It had been a trying night, but the morning was much better, although the wind had dropped to force 2. There was nothing for it but to start the engine. We motored all that day and through the night over a calm, moonless sea which sparkled with phosphorescence. Limbo simply doesn't have the fuel capacity to do this for long, and we turned the engine off on Tuesday morning, leaving a few litres of diesel in reserve. The sun came out and we saw a whale (unidentified) in the distance. Even better, the wind was returning gradually, and we got the cruising chute out for the first time. It only gave us 2.5 or 3 knots, closehauled, but it was sunny and calm. We even did the washing up and I had a wash in the cockpit. Things, it seemed, were looking up! At lunchtime we had about 180 miles to go.
The wind filled in from the southwest, rising to around force 4 that evening. After a period heading north of west, we tacked south, but the closest we could do south southeast. It's very frustrating not being able to go in the right direction. The wind died, and I reefed. Before long it came back, so I was up on deck again to get full sail up. This was already becoming a tricky passage, with constantly changing conditions.
By lunchtime on Wednesday the wind was still from the west at force 5-6. We were beating right into it, heading south. For a while we tacked to avoid the Seine Sea Mount - an area where the seabed rises from several thousand metres deep to about 80 - which I reckoned was probably best avoided (although there's no mention of this as a danger in any pilot I've seen). This gave us a course of roughly north, which was ridiculous, so I decided we'd have to skirt the edge. It was now pretty rough and uncomfortable.
The last log entry I made was at 1810 on Wednesday (this is not good practice). It gives just our position and notes that there are 102 miles to go. I obviously didn't have the inclination even to fill out the 'course' 'log' and 'weather' columns. It was after dark that evening that things got bad. I'd just got Natalie up for her watch when the wind rose, and it was clear that I wasn't going to get an off-watch. There was no moon, so it was very dark, and we were heeled well over, fighting to make ground to the west.
A grey, threatening dawn with scudding clouds revealed high waves, some with breaking crests; not regular, low, normal ocean waves but steep hills of unpredictable moving water. My first thought was to turn away from the wind and take the waves on Limbo's quarter, to reduce any chance of us being caught broadside on. We had two reefs in, which was too much sail, but the thought of going on deck to bring down the third was unpalatable. This meant that the boat was unbalanced, with heavy weather helm, making steering hard work. Limbo did well, riding over the seas, but it took great concentration to take the waves at the right angle, keeping her moving without heading to far downwind and risking a gybe or, on the other hand, turning to far into the waves and being carried sideways. At this stage I thought it couldn't last; the squalls seemed to be abating. But they didn't. Limbo doesn't have wind instruments, but (after comparing notes with the crews of other boats which do) I think we had force 7 gusting into force 8. This doesn't sound too extreme, perhaps, but the sea state was becoming quite alarming. Sadly, I don't think the photos do it justice!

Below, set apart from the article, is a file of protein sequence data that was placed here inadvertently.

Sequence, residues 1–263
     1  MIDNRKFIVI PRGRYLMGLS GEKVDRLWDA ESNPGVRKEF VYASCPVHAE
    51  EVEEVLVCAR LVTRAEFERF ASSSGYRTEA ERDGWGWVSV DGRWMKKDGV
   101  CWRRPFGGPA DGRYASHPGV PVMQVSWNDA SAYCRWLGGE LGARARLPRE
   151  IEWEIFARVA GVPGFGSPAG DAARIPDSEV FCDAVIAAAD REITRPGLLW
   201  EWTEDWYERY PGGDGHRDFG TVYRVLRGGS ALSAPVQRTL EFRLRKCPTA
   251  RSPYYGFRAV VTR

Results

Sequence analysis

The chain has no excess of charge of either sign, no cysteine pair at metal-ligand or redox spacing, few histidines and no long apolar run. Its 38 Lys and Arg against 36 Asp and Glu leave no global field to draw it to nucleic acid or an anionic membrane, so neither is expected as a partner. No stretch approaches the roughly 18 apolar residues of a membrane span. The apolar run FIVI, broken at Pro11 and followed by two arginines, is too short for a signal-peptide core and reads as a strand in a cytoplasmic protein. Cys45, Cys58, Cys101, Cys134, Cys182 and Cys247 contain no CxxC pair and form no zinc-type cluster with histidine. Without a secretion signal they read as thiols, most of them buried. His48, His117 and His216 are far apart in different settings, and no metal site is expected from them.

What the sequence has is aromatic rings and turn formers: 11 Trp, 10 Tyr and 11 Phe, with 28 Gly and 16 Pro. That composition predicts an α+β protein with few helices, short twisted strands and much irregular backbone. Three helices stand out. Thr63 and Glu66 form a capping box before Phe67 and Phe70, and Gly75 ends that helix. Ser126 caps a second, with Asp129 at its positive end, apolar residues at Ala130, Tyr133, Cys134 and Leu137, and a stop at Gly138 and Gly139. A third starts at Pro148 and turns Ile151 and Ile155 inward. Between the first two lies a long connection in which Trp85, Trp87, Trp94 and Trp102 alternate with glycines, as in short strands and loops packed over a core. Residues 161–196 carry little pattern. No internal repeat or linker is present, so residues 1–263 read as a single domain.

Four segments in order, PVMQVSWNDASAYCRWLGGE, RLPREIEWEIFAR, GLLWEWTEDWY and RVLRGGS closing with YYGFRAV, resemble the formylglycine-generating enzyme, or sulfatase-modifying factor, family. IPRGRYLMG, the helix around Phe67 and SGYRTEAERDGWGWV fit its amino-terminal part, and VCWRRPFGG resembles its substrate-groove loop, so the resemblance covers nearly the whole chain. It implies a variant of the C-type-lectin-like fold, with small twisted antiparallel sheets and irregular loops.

At this stage I'd realised that we were either not going to get to Madeira at all, if we lost any more ground, or would have to turn into the waves and the wind. This had been unthinkable until I tried it, and found that Limbo - and the self-steering - could cope. It was at least slightly cheering to be heading in the right direction, even if we were only just making our course. A sailing friend, Rob, had been very kindly sending us text forecasts via our Yellowbrick tracker, which was reassuring - not least because we knew someone was watching us. He'd been alarmed by our very slow progress in the wrong direction at one point..
And so we headed into the weather, literally clinging on, and periodically being soaked by waves. One almost filled the cockpit, another came rushing down the side deck and broke one of the dodger's fastenings (these are the blue pieces of cloth that shield the cockpit). Natalie was wedged into the forward corned of the cockpit under the sprayhood, I sat next to her with one arm round the winch holding onto her safety harness (we were permanently clipped onto the boat, as we always are when on watch at night). I had the mainsheet ready to ease in the stronger gusts - we still had too much sail up. Both washboards were in, to prevent any water going into the cabin. Limbo was coping, and riding the seas well, but it was frightening.